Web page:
The Indiana Stellar Communities program has been in place since 2011, and it was originally created for one city or town. But this year, the state has modified it to allow groups of cities and towns to compete as a region.

In late April, the Alliance was selected as one of six finalists for the designation. The winners will be announced in mid-November, and Sturtz believes NewAllen has a good chance.

Along with being the largest region applying, they also have the advantage of a nationally award-winning plan and the momentum building in connections across northeast Indiana.

When the NewAllen Alliance team accepted their award from the Planning Association in New York City last year, they realized that in many regions across the country, rural communities operate entirely separately from their closest urban cores.

But since Fort Wayne is a smaller city, it allows rural and urban residents to work together as neighbors.

“In our region, I think we really have an asset,” Sturtz says. “We’re more connected in northeast Indiana than in other areas, and that’s to our benefit.”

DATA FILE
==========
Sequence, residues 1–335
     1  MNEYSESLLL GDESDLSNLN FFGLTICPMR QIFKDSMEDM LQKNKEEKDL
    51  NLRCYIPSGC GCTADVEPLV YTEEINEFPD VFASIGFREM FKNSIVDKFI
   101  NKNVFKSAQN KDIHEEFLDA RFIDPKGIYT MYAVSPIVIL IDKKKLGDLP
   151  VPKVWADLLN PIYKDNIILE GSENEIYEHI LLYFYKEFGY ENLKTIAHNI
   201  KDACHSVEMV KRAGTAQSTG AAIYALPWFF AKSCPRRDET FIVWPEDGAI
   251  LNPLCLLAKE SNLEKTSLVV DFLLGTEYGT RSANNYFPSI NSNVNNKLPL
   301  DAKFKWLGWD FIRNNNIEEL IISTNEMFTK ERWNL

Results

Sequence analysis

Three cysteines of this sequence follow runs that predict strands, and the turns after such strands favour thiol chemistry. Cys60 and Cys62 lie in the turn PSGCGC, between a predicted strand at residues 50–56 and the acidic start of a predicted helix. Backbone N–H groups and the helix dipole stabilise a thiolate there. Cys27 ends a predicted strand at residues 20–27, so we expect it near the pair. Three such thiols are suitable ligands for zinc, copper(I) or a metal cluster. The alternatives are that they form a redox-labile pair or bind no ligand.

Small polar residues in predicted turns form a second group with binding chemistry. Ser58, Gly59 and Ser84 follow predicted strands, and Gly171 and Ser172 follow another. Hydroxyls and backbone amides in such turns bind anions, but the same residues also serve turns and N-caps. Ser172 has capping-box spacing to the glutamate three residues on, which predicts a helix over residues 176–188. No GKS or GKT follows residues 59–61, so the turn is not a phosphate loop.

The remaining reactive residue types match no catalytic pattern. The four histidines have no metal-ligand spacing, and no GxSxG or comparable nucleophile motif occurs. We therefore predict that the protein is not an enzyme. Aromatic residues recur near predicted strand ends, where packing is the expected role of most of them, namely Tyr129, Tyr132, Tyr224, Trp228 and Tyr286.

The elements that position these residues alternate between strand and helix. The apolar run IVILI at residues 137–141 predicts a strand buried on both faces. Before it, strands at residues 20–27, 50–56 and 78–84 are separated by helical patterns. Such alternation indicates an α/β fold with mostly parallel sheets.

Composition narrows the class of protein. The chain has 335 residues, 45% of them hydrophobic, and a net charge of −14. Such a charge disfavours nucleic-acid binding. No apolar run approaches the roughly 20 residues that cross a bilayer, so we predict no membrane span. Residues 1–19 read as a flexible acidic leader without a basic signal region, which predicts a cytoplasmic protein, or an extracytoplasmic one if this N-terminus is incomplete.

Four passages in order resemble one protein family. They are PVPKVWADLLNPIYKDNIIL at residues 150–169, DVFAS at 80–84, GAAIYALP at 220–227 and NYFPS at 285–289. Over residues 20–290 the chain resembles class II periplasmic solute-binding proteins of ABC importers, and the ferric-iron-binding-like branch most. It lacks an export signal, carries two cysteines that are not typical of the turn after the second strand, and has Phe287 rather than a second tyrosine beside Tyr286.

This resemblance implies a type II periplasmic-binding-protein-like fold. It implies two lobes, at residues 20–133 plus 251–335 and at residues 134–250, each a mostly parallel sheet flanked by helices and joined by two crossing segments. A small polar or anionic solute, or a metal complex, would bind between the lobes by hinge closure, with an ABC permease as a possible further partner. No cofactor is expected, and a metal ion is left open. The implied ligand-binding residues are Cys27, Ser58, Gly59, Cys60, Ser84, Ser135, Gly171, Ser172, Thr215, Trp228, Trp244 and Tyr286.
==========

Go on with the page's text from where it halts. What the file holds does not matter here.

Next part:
She hopes the regional community will help set the standard for rural renewal nationwide.

“When you look at how our (2016 presidential) elections turned out, it was loud and clear that a lot of rural areas felt like they were being neglected,” Sturtz says. “This is a good model of how small communities can cooperate and move things forward.”

What's in store for East Allen County?

View the Strategic Investment Plan for each community on the NewAllen Alliance website.

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Read more articles by Kara Hackett.

Kara Hackett is a Fort Wayne native fascinated by what's next for northeast Indiana how it relates to other up-and-coming places around the world. After working briefly in New York City and Indianapolis, she moved back to her hometown where she has discovered interesting people, projects, and innovations shaping the future of this place—and has been writing about them ever since. Follow her on Twitter and Instagram @karahackett.